Taxation - nowhere to hide

David Adams David Adams

Chartered Tax Advisor David Adams offers his view on the changing climate of taxation.

We are living in hard economical times and tax has become more than ever before a headline grabbing issue. Never have accountants been more newsworthy. Taxpayers have always fallen into three categories, those outside the law, those who abide by the law and those who pay more taxation than they need by neglecting their affairs. Governments use their powers to change tax rates to cover the cost of implementing services we all need, yet individuals instinctively dislike being taxed and generally regard the reduction of tax as an adversarial battle.

Taxation is one of the few areas of law where a person is guilty unless they prove their innocence. It means that, ironically, a dishonest man with good records is often better off than an honest man with poor records, as the former can defend himself while the latter usually has no tangible evidence to support his case.

Taxation legislation provides powerful redress for wrong doing in the form of interest penalties, naming and shaming evaders, and ultimately imprisonment - as Lester Piggott, the former jockey, knows too well. Those who are outside the law often attempt to justify their actions on the grounds that the tax authorities themselves are immoral, arguing that taxes that are spent on wars and other immoral uses - in their view.

Increasingly the tide of public opinion is changing with a backlash against the evaders and even some legitimate tax planning arrangements within the law are now seen as unethical by the public – the controversial Starbucks' arrangements offshore are a prime example of this.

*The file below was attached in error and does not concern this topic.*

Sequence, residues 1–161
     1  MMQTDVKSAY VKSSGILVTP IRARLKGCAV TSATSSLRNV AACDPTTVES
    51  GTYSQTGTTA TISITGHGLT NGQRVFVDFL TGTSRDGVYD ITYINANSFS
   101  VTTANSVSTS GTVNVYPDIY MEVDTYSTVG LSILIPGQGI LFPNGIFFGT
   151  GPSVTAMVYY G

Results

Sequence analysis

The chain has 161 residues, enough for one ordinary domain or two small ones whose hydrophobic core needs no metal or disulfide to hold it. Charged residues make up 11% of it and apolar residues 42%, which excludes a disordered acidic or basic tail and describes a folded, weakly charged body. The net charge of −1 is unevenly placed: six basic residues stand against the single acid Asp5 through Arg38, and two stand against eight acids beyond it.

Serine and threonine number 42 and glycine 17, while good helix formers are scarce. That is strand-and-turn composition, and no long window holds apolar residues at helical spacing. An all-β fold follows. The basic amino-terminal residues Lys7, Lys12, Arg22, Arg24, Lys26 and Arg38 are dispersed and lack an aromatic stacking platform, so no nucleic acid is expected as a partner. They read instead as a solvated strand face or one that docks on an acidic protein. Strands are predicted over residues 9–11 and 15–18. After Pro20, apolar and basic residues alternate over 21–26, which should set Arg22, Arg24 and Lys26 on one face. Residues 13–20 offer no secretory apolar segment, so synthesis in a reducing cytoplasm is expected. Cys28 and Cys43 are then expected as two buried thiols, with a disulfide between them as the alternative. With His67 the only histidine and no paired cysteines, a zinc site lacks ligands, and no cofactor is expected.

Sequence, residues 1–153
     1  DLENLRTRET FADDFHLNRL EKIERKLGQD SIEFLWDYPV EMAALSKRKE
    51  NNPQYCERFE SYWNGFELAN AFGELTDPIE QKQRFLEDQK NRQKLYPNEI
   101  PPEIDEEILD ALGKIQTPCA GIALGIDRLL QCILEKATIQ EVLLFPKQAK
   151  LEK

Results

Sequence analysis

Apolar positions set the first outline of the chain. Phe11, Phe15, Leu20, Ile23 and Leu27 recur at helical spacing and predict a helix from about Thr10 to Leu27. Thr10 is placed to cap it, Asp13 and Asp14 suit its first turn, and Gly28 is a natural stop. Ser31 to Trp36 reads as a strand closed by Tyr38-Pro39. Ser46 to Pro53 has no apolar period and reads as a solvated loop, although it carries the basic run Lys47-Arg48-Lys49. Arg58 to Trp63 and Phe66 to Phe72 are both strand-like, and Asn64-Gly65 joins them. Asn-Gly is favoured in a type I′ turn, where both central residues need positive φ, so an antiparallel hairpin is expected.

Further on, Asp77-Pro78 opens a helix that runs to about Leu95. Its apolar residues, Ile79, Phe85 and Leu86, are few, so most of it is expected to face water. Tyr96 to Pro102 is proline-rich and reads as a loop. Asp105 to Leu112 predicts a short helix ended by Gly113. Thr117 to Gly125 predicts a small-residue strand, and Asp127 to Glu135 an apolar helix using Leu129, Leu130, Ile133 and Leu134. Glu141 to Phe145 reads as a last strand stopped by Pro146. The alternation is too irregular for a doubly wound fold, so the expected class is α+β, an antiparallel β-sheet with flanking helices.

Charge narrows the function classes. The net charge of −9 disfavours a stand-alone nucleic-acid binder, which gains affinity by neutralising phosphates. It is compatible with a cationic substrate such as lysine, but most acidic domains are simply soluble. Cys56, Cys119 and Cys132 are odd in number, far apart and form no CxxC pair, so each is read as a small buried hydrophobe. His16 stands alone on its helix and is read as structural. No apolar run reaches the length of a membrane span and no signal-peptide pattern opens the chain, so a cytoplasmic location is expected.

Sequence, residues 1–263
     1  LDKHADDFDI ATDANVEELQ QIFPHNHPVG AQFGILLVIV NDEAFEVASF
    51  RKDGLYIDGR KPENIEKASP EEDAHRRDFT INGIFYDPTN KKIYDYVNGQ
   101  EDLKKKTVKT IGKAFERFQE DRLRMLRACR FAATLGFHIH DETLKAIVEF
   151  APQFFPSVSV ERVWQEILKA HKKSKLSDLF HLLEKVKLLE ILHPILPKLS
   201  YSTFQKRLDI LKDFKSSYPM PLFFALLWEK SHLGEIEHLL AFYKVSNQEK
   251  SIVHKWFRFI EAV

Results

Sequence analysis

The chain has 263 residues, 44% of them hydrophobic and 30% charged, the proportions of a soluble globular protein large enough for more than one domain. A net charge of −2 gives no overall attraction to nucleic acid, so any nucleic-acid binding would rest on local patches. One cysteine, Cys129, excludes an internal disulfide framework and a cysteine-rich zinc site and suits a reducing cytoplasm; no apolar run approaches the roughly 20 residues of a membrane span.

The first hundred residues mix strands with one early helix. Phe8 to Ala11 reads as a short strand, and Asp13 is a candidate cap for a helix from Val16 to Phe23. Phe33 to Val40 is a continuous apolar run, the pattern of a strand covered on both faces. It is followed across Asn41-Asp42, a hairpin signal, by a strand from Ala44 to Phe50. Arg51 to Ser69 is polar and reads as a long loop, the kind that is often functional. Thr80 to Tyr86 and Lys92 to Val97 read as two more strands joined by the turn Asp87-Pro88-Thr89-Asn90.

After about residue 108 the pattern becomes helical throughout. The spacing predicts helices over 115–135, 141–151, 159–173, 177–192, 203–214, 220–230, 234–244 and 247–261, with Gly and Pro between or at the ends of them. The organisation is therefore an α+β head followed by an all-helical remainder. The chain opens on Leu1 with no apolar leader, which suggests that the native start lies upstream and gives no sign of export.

New Powers

The government has recently agreed many information gathering treaties with other countries, which is having a dramatic effect as stones are turned over and all manner of creepy crawlies emerge. These new tactics have also hauled the representatives of the main four firms of accountants before them to look into their activities. New powers fight what the government describes as 'aggressive tax avoidance' arising from schemes such as an offshore fiddle to avoid tax on sub-contractor payments paid to a man in his 80's in the Channel Islands.

Many accountancy firms – often referred to as 'tax boutiques' in the trade - specialise in facilitating this form of scheme, which, though legitimate, should officially be notified to HMRC, yet often aren't. They advise their clients of their expected chances of success in reducing tax using these methods, implying there is some risk of failure. Inevitably, amid a howl of outrage, a plethora of claims are now being made against these same accountants as the taxman finally comes knocking on the door for what is usually a large sum of money. 

Individuals and businesses are falling on their swords all around the country as the net closes in on them, yet many who know that they will eventually have to pay old tax arrears are in the meantime effectively using the government as an alternative to a bankers’ overdraft in the short term.


Since the game seems to be up on the fancy tax avoidance schemes, the obvious solution is quite simple; just don’t use them! They should always have been recognised as too good to be true. Do not enter more convoluted versions of the same schemes offered by the original overly optimistic advisors. If you are in a hole, stop digging.

The only sensible approach to corporate and personal taxation is to adopt only acceptable planning techniques which can be supported as having a good commercial business purpose and are based on true fact not wishful thinking fiction. In the new climate of taxation, only by complete integrity and transparency on the part of individuals and their accountants can anyone really be sure that their financial affairs are in order and secure for the future.

David is a Fellow of the Institute of Chartered Accountants in England and Wales and an associate of the Chartered Taxation Institute. He also lectures in taxation.